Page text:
I posted last week on the USGS report that estimated Arctic resources represent 13 percent of undiscovered oil, 30 percent of undiscovered natural gas and 20 percent of undiscovered natural gas liquids, with about 84 percent of the resource occurring offshore. Petroleum News came out with its own article on the report over the weekend, with some additional information.
From Petroleum News, by Alan Bailey:
USGS scientist Brenda Pierce told Petroleum News July 24 that the Arctic assessment forms part of a USGS world petroleum project. Following publication of results from that project in 2000 the agency realized that the study had only included a few Arctic basins, she said.
“The Arctic clearly was one area in which we knew we needed to focus in order to really understand the world’s petroleum endowment because there is great petroleum potential in the Arctic,” Pierce said. “So, for the past few years our world petroleum project has focused solely on the Arctic, gathering data, building partnerships, getting the information necessary to conduct an assessment.
The 2000 world petroleum assessment project report can be found here. It’s an interesting report, one of those “we don’t know what we don’t know, but if we were to guess how much we don’t know, we think we know that we don’t know this much” reports, akin to calculating how many angels can dance on the head of a pin. Their answer is rather enlightening:
The potential additions to reserves from reserve growth are nearly as large as the estimated undiscovered resource volumes. These estimates imply that 75 percent of the world’s grown conventional oil endowment and 66 percent of the world’s grown conventional gas endowment have already been discovered in the areas assessed (exclusive of the U.S.). Additionally, for these areas, 20 percent of the world’s grown conventional oil endowment and 7 percent of the world’s grown conventional gas endowment had been produced as of the end of 1995.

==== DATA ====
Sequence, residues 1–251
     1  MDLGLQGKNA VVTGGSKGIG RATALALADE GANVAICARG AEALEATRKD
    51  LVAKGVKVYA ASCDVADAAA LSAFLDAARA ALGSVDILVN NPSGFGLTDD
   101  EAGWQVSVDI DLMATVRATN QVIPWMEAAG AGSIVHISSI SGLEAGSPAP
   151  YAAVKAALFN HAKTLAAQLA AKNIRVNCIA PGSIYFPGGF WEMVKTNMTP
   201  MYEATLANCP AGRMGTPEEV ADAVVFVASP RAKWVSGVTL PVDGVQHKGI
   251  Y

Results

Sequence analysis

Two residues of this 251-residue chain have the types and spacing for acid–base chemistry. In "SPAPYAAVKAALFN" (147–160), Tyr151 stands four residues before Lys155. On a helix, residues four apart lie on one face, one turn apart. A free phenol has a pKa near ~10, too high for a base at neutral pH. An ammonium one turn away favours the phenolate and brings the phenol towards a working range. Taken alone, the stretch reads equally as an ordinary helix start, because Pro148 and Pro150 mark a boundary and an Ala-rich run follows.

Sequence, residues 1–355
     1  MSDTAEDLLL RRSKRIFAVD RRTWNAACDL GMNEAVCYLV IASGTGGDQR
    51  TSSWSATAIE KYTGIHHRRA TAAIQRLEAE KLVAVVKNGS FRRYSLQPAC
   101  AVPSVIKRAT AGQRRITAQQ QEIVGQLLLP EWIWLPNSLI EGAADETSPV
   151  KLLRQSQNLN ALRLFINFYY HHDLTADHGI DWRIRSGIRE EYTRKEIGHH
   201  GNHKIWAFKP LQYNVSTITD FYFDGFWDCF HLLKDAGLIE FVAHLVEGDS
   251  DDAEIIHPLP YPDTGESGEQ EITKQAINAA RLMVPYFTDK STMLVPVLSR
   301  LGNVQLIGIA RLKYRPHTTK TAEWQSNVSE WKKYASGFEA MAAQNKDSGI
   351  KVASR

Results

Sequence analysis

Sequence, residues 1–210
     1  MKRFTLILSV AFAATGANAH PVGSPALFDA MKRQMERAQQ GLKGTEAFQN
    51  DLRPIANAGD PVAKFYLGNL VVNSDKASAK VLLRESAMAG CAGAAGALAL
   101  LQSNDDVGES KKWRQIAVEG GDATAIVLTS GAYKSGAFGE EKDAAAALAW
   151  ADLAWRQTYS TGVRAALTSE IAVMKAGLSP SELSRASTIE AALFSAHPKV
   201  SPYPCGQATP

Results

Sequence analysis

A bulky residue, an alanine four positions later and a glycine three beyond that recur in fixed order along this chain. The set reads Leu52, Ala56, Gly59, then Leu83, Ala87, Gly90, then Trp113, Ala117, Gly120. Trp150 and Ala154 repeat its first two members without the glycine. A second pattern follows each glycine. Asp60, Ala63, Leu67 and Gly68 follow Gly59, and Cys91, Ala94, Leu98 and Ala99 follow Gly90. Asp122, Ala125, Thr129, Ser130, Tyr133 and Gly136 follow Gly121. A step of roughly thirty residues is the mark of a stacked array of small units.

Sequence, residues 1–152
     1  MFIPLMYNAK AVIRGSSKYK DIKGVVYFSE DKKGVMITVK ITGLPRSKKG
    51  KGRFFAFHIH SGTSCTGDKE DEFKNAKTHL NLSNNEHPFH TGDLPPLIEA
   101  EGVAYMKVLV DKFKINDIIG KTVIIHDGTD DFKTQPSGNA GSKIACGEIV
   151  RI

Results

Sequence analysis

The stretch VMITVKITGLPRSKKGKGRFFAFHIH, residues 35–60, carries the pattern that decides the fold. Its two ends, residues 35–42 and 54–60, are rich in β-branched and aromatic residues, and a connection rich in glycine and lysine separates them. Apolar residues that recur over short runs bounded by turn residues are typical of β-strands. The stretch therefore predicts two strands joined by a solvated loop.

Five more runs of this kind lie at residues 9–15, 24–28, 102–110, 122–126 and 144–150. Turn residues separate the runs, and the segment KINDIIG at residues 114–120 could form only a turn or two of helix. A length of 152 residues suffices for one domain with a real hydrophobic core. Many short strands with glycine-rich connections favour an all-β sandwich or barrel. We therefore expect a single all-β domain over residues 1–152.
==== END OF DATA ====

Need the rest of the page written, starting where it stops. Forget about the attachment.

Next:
In other words, the world’s known reserves of conventional oil (aka “cheap oil”) is roughly 75% of all cheap oil in the world, discovered and undiscovered. There is very little cheap oil left to discover, and we’ve already burned a fifth of all the world’s cheap oil (as of 1995). The future is unconventional (aka, “expensive to produce”) oil.
But the 2000 report was before the USGS arctic assessment. Where does the 13% of undiscovered arctic oil fit in? From the Petroleum News article:
Arctic Alaska comes at the top of the list by a large margin in terms of potentially recoverable oil resources, with an estimate of nearly 30 billion barrels. In terms of natural gas, Russia’s west Siberian basin comes out on top with an estimate of 651 tcf; the east Barents basin (the Russian side of the Barents Sea) comes up next with 317 tcf; and Arctic Alaska is third with 221 tcf.
But Donald Gautier, a member of the Arctic appraisal assessment team, cautioned that, with little drilling or seismic surveying in many of the Arctic basins, the new resource estimates are subject to considerable uncertainty.
“I would emphasize that this is a very uncertain area and these are probabilistic estimates with a great deal of uncertainty associated with them,” Gautier said.
And Pierce said that, although the estimates represent oil that could be extracted using current technology, the assessment did not take into account the technical difficulties of operating in deep water or sea ice.
“We assumed these resources are recoverable in sea ice and despite water depth,” Pierce said.
Arctic Alaska is expected to increase the unknown but discoverable oil reserves of the U.S. by about 40%. Therefore, if we want energy independence and security, we should look northwards. That last bit of the quote is the kicker however… the assessment assumptions do not take into account the cost of recovery. The arctic oil may be there, and it may be conventional sources (i.e., not heavy oil, cold oil, NGL, oil shale, or other expensive sources), but it won’t be cheap.